Real-Time Crime Center Extends the Eyes of Police

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real-time crime center with predictive policing by ShotSpotter

A real-time crime center features video feeds to large screens, gunfire detection technology, and predictive analytics.

Name of Organization: Miami Gardens Police Department

Industry: Government / public safety

Location: Miami Gardens, FL USA

Business Opportunity or Challenge Encountered:

Police departments across the globe are discovering the power of real-time data delivery.

Thanks to new technologies, they have a new set of tools to help prevent and fight crimes in their communities — networks of cameras, sensors and analytics software that not only provide visibility well beyond the eyes and ears of police officers, but also provide real-time insights on the nature of activities being observed. If a pattern of activity, as parsed by an algorithm, shows a high probability of nefarious activity, it is flagged for further observation.

Data makes it all possible – “data is available and often streaming into public safety and government agencies from virtually everywhere — smartphones, social media, sensors, alarms, as well as fixed and wireless video cameras,” explains Mike Fox, writing in PoliceOne. The challenge, he continues, is to “capture, correlate, and share this data in real-time to make it actionable.”

To meet this opportunity, police departments are launching Real-Time Crime Centers (RTCCs) to make this data-driven vision a reality. RTCCs bring together video inputs, incident and criminal complaints, arrest records, photos, national crime databases, and 911 call records. “Video analytics and sensors, for example, can help anticipate crowd formations and detect gunshots to deliver an additional layer of intelligence,” says Fox.

Recently, the Miami Gardens Police Department, which serves 110,000 city residents in Miami Gardens, Florida, leveraged new technology to have eyes on the community on a 24×7 basis. The police department, with support from city government, launched a RTCC. As documented in a case study from CineMassive, the RTCC is equipped with a video wall system costing about $60 million.

How This Business Opportunity or Challenge Was Met:

To develop and implement the system, the police department turned to CineMassive to design and deliver a turnkey solution – including video walls, a video wall controller, and software. The RTCC, which opened in August 2016, includes two main spaces: a large control room for day-to-day operations and a joint operations center for collaboration with federal agencies. The two rooms are connected by a turnkey CineMassive visualization system featuring four high-resolution video walls and several auxiliary displays.

The main control room includes three LCD video walls that display an arrangement of camera feeds and real-time policing tools, according to the CineMassive case study. There are video screens throughout the police station. The RTCC video walls include configurations of 6×2, 5×2, and 4×2 displays, with smaller 2×2 video wall and two auxiliary displays are mounted above a conference table in an adjacent room. Three additional rooms on the next floor – the police chief’s office, police chief’s conference room, and assistant police chief’s office – are also equipped with auxiliary displays, providing the officials with a real-time view of activity on the video wall system.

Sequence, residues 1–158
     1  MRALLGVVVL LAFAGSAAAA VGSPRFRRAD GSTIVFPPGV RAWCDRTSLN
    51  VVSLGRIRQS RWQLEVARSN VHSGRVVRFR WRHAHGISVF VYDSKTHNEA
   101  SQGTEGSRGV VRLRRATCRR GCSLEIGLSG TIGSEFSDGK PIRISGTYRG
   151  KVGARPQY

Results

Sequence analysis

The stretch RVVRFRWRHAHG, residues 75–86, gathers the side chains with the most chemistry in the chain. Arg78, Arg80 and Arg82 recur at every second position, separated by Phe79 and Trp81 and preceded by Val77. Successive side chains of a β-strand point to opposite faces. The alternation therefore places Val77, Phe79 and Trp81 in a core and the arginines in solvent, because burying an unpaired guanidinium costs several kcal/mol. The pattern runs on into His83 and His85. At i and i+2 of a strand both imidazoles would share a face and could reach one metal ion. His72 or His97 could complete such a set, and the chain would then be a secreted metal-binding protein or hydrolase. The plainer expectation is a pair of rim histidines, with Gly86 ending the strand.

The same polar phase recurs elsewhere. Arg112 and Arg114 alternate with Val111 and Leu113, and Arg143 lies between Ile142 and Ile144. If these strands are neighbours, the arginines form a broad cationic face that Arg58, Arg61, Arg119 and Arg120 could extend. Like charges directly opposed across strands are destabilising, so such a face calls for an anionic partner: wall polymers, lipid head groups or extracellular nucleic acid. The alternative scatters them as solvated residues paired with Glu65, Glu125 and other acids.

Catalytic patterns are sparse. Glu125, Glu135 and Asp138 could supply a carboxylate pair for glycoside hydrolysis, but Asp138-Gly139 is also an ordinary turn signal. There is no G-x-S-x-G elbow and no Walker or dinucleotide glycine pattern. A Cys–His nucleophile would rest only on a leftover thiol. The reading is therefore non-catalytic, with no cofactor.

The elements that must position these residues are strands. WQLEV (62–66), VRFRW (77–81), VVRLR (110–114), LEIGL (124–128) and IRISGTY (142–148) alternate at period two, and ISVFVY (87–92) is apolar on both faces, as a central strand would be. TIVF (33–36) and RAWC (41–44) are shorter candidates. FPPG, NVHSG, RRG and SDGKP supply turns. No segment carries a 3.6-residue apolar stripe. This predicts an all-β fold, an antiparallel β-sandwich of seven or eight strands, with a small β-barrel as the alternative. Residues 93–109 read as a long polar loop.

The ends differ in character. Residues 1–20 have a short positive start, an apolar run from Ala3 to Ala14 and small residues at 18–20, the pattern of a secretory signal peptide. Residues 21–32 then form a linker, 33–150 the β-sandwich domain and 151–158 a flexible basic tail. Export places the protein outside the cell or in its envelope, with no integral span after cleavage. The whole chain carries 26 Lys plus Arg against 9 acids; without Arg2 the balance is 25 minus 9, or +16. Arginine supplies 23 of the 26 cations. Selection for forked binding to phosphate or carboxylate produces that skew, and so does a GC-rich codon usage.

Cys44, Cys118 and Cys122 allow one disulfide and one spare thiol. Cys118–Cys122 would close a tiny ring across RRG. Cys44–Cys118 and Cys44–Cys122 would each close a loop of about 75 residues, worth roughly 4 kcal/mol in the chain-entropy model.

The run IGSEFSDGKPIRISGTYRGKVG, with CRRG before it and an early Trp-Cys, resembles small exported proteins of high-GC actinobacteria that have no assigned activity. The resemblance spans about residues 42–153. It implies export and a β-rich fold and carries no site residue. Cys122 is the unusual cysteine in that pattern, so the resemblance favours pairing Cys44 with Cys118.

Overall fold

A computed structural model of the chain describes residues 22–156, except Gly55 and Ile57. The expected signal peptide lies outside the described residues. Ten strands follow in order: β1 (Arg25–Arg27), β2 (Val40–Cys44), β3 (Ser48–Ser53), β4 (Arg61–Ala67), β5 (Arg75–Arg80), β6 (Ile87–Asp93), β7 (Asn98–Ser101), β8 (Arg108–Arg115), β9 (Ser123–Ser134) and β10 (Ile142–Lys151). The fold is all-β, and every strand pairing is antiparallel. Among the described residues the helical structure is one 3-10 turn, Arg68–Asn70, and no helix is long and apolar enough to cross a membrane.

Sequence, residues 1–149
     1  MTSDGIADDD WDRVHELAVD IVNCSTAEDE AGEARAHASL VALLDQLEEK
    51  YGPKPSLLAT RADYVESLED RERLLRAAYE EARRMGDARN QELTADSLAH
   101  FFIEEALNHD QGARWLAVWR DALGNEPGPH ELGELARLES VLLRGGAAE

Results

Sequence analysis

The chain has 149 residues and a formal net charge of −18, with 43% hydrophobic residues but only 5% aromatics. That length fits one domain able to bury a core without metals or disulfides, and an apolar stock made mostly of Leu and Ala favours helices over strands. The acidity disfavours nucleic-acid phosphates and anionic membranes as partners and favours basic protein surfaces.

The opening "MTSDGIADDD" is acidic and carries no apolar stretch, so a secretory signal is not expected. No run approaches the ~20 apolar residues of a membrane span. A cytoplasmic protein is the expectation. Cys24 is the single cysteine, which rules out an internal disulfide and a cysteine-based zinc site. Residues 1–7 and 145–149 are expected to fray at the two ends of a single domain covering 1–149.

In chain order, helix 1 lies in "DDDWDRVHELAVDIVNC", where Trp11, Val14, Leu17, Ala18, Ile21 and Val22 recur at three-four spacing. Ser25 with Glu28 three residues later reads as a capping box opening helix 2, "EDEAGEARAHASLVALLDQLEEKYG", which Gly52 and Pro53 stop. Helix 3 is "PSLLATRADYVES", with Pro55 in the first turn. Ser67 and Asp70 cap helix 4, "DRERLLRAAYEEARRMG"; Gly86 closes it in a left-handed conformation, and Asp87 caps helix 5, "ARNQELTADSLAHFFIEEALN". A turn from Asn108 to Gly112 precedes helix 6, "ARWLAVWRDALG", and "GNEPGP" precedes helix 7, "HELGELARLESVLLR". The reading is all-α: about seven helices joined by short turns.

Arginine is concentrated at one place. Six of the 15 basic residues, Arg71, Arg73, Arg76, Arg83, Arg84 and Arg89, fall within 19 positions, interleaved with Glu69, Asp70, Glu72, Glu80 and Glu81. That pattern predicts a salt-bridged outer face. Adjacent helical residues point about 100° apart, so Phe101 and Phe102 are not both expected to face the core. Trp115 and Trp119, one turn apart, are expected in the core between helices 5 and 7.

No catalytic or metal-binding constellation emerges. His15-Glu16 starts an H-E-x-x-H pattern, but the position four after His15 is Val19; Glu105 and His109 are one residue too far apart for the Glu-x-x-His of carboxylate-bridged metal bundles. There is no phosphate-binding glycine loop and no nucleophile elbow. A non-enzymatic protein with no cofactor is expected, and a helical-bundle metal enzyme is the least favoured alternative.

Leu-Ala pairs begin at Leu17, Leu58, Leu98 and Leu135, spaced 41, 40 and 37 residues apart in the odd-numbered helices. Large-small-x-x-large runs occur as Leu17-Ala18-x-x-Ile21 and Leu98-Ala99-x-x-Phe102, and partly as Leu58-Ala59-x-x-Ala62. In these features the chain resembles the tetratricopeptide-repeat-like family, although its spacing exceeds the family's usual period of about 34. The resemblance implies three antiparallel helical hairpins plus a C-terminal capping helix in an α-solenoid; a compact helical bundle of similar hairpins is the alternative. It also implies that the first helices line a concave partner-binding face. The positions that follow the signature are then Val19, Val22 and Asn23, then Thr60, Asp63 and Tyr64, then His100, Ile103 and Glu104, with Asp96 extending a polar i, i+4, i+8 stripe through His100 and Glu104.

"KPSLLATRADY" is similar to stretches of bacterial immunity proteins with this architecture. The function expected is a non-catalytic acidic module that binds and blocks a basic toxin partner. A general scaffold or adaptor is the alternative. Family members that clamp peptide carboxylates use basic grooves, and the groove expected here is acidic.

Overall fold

As part of the RTCC’s daily operations, officers and analysts monitor video analytics programs, license plate scanners, television news, and ShotSpotter, a real-time gunfire detection solution that maps the location of shots fired in the city. They also use Live Earth, a digital platform that pulls real-time data from emergency calls, surveillance applications, and more into a live, 3D map of the city. By uniting their data sources in a single view, analysts can visualize crime hotspots, identify connections between crimes, and contextualize incidents within larger trends.

Measurable/Quantifiable and “Soft” Benefits from This Initiative

The RTCC has given Miami Gardens police and community leaders an advantage in detecting and tracking crimes that may be taking place within the city. The police can now identify crime trends and hotspots, use its resources more effectively, and work faster and safer to intercept criminals, the CineMassive case study states.

“The true benefit of the RTCC is what it will give to the citizens of the community,” says MGPD Sergeant Erik Gleason. “Living in fear isn’t something anyone wants to do, and it’s something our community shouldn’t tolerate. We are looking forward to the RTCC decreasing the amount of fear in our citizens from being victimized.”

(Sources: CineMassive, PoliceOne). Photo credit: ShotSpotter.

Related:

Using gunfire detection and intelligent lighting to reduce crime

Predictive policing

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